Pure breeds were developed by purposeful crossbreeding to incorporate and fix specific traits, so some dogs have characteristics that fit two or more groups. And some dogs have been assigned to a group based on an erroneous translation of the breed name in the country of origin or on misidentification by the travelers who brought the dogs to the attention of the Western World. These mistakes are of academic and practical interest to dog fanciers and can be of the utmost importance to those who are looking for a family pet or a working dog.
For example, the Dachshund shares many characteristics with terriers, yet AKC placed it in the hound group, perhaps as much because of a misinterpretation of the breed’s German name as its scenting ability. In German, hund means dog; the Dachshund is a “badger dog” that, like the terriers, chased its quarry to ground in dens or rock crevices.
Chris Walkowicz describes the breed in The Perfect Match : A Dog Buyer’s Guide: “Dachsies are as much terriers as hounds, feisty, scrappy, and able to go to ground after vermin, including the tough badger. … Tracking ability, however, is all scenthound.”
AKC recognizes the Dachshund’s terrier heritage by allowing it to compete in terrier go-to-ground tests and trials. Pet buyers should beware when selecting a Dachshund, for those expecting a docile hound personality may well find themselves with a hole-digging, perpetually inquisitive pet that tries their patience and their training ability.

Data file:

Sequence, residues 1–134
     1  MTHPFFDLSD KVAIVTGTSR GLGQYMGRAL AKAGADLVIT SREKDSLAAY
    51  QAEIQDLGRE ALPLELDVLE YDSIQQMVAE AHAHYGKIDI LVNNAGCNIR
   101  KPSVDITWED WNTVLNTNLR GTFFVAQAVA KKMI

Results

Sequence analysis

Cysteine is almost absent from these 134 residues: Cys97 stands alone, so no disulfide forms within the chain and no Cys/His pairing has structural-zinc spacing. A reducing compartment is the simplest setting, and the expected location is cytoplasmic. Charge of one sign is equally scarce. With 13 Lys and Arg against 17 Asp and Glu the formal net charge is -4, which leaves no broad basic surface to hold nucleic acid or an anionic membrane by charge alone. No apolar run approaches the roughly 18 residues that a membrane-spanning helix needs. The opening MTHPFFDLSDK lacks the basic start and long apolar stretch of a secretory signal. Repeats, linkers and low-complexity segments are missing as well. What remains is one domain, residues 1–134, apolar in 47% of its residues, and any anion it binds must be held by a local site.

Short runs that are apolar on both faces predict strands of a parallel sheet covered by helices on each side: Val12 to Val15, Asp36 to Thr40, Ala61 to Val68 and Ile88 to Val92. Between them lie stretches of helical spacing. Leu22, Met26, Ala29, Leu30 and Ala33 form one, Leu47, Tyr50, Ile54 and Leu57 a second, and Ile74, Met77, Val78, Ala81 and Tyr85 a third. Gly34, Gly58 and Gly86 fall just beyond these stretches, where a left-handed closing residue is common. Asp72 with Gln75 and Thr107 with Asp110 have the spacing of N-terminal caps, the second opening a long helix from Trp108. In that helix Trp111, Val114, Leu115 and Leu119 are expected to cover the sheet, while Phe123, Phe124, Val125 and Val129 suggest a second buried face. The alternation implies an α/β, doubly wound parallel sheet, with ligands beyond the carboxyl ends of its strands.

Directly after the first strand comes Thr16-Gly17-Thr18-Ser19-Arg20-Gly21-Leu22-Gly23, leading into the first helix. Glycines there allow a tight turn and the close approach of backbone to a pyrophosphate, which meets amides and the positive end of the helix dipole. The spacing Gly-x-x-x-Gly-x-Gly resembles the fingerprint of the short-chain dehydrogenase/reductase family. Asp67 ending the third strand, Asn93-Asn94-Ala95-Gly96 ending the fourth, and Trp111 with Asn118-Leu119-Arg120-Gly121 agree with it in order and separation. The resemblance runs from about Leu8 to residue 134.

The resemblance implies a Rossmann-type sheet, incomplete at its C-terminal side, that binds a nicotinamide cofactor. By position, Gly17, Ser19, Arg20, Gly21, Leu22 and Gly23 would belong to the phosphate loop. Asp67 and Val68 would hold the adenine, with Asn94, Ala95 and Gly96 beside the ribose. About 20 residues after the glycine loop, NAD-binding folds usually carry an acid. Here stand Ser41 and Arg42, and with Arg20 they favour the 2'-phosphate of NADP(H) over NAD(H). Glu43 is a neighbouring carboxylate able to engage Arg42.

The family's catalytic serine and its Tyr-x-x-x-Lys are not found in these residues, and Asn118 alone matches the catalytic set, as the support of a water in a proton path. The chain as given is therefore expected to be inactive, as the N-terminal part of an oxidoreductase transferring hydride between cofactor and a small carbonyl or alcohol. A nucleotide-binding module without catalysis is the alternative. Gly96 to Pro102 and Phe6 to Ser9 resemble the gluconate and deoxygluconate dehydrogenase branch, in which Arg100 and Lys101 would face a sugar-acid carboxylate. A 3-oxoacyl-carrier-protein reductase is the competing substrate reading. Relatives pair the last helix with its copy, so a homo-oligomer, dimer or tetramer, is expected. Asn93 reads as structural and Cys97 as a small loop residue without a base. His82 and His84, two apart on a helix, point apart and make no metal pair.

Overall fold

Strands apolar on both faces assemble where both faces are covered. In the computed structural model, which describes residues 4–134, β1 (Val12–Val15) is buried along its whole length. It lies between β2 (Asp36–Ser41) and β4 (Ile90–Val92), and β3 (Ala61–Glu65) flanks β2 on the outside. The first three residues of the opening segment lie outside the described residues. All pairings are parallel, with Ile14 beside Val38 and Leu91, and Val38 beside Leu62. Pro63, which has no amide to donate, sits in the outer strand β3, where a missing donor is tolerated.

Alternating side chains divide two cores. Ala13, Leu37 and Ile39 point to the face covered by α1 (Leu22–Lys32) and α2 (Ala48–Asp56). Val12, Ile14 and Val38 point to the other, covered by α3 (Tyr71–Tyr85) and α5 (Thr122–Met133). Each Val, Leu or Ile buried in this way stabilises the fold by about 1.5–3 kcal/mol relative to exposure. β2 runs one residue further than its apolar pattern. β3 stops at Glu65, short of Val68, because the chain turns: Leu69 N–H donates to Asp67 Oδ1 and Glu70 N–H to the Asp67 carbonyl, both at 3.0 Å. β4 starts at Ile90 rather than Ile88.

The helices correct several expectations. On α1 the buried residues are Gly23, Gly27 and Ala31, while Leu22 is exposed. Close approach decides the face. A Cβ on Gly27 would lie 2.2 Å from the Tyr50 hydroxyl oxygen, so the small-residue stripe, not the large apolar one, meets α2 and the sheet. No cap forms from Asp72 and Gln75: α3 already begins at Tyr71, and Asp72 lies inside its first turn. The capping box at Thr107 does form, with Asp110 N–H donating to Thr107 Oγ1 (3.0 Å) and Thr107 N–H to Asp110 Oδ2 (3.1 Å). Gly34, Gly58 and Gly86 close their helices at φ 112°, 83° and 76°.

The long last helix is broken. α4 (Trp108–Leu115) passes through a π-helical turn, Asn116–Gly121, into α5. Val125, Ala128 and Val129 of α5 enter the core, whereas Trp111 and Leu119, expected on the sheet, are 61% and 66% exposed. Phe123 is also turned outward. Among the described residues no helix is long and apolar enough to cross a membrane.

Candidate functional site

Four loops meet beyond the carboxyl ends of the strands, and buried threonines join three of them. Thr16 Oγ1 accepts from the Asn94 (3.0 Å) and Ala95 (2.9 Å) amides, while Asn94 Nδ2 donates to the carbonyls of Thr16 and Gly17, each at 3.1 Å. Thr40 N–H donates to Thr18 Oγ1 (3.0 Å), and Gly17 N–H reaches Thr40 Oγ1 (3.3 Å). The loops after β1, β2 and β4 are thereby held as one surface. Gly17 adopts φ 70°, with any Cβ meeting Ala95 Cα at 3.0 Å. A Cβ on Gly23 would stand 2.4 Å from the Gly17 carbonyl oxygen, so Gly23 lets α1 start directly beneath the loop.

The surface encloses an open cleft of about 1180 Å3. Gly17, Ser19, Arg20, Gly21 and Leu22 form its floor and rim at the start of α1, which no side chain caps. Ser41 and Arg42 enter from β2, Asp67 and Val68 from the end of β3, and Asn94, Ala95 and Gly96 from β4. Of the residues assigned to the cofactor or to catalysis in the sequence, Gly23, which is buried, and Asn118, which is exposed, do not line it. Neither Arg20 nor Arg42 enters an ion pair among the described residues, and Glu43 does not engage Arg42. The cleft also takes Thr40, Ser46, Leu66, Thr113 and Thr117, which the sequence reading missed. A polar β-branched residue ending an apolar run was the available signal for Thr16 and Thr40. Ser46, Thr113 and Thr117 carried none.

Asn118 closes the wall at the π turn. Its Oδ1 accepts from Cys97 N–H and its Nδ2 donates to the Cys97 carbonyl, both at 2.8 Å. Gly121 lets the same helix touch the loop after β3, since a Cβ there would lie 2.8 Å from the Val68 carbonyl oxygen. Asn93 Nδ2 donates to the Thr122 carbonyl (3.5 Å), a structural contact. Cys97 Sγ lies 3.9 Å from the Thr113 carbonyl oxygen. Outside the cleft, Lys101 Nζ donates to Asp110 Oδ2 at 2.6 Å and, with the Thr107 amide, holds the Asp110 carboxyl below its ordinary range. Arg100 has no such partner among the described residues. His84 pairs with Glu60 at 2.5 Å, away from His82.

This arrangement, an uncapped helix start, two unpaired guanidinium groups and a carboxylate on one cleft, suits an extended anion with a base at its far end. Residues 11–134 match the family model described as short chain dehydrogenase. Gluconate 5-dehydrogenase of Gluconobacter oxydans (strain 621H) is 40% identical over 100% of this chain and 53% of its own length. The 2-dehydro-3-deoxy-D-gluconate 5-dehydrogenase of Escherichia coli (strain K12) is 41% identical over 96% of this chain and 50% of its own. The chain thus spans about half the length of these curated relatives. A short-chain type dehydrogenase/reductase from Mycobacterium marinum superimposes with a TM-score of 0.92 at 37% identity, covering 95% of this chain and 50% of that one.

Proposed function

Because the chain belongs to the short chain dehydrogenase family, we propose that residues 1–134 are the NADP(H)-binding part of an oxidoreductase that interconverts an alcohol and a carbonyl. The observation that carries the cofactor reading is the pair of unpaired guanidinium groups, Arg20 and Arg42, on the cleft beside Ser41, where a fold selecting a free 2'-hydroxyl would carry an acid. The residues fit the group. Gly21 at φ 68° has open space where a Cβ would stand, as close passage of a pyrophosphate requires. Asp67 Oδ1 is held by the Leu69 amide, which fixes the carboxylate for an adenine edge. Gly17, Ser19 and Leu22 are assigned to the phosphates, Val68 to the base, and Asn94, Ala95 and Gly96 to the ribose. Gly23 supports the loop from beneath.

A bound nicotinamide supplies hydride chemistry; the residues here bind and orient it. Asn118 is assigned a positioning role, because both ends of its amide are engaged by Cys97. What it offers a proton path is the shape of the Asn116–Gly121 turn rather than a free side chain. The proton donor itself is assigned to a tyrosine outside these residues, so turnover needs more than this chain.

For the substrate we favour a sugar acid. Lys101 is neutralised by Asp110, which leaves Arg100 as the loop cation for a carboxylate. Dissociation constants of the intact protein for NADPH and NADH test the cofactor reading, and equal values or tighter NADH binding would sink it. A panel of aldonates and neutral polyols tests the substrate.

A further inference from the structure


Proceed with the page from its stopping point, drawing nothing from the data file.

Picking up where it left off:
Pinscher is German for terrier, so perhaps the various pinscher dogs should be in the terrier group as well – at least when personality is considered. The Doberman Pinscher and the Miniature Pinscher both developed in part from the German Pinscher, and the Affenpinscher (Monkey-terrier in German) was a vermin dog on German farms and was used to develop the Miniature Schnauzer.
Because few breeds developed out of whole cloth and most breeds were produced in relative isolation by experimenting with crosses, back-crosses, and out-crosses, breed histories are replete with suppositions and speculations. In addition, since many breeds were created for more than one purpose, any categorization – while useful – is less than perfect. For example, Samoyeds and Rottweilers are members of the AKC working group for their draft work (Sams) and guarding ability (Rotts), but the Rottie (like the Old English Sheepdog) was developed as a cattle-driving dog and the Sammy herded reindeer in his Siberian homeland. AKC recognizes the herding background of both breeds by allowing them to compete in events with other herding breeds.